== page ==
Landmark Paris climate pact to enter into force in November

The agreement vows to curb global warming and combat the emission of greenhouses gases.

Paris climate pact to take effect in November
Picture for representation Reuters

The landmark Paris climate deal, which was concluded last December after being ratified by 72 countries, is all set to enter into force from November, the United Nations Framework Convention on Climate Change (UNFCCC) said on Wednesday.

"On October 5, 2016, the threshold for entry into force of the Paris Agreement has been achieved," The UN's climate body announced on its website.

According to Reuters, United States President Barack Obama called Wednesday "a historic day in the fight to protect our planet for future generation."

"If we follow through on the commitments that this Paris agreement embodies, history may well judge it as a turning point for our planet," he added.

The agreement, which required ratification from 55 countries responsible for 55 per cent of greenhouses gases emissions, vows to curb global warming.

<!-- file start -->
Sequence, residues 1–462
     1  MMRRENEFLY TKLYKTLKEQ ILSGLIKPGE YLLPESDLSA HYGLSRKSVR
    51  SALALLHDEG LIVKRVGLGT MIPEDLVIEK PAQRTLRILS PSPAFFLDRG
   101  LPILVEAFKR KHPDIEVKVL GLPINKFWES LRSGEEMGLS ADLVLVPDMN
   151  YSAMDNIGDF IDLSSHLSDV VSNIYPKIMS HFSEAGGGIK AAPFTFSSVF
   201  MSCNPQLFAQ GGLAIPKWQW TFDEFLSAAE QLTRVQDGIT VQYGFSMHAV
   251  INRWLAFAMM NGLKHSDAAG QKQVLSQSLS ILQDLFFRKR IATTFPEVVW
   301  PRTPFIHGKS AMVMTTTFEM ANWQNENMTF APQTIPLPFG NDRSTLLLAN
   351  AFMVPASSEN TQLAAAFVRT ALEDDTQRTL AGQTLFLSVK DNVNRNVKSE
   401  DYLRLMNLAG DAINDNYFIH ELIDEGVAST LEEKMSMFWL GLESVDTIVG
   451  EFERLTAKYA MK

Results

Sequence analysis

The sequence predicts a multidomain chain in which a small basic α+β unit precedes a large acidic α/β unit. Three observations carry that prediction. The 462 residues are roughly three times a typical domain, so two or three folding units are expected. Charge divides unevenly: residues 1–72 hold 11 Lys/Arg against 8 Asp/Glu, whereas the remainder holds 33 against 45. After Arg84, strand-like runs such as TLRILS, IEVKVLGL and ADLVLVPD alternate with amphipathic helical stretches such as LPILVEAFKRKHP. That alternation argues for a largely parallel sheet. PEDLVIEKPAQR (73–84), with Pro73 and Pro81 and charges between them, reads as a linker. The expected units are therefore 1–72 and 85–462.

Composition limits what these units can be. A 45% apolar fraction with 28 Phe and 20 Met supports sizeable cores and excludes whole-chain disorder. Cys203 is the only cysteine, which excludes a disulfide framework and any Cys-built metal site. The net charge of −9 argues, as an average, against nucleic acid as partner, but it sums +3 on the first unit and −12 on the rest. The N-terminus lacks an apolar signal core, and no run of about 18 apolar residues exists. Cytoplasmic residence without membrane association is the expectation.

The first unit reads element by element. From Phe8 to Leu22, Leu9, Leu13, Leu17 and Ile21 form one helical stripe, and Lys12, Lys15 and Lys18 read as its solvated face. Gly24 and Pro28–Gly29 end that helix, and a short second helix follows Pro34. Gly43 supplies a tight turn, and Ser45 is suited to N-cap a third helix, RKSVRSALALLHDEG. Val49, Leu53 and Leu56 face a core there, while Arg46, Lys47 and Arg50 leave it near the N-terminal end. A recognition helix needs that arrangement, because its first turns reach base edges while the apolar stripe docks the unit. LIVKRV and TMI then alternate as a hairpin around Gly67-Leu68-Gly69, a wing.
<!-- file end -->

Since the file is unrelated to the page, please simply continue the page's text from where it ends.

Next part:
The treaty was pushed over the threshold with the European Union signing it as an individual party. Moreover, seven other EU's member states extended their support on Wednesday.

"The EU and European countries that have already ratified the agreement at a national level have now also submitted ratification documents to the UN" Segolene Royal, the French environment minister, told AFP.

"This ratification happened at record speed," he added.

The EU, which is responsible for 10 per cent of global emission, joined the ranks of China and the United States as the major contributors of greenhouses gases.

China and the United States together contribute to almost 40 per cent of the global emission.

Prior to the Paris Agreement, Kyoto protocol, the international treaty which extends the 1992 UNFCCC, took eight years to enter into force. Moreover, neither Neither the US or China ratified the agreement.

President of the World Resources Institute Andrew Steer told AFP: "This is a welcome development after years of frustratingly slow progress."

"With the agreement in full force, countries can shift their focus from commitment to action," he added.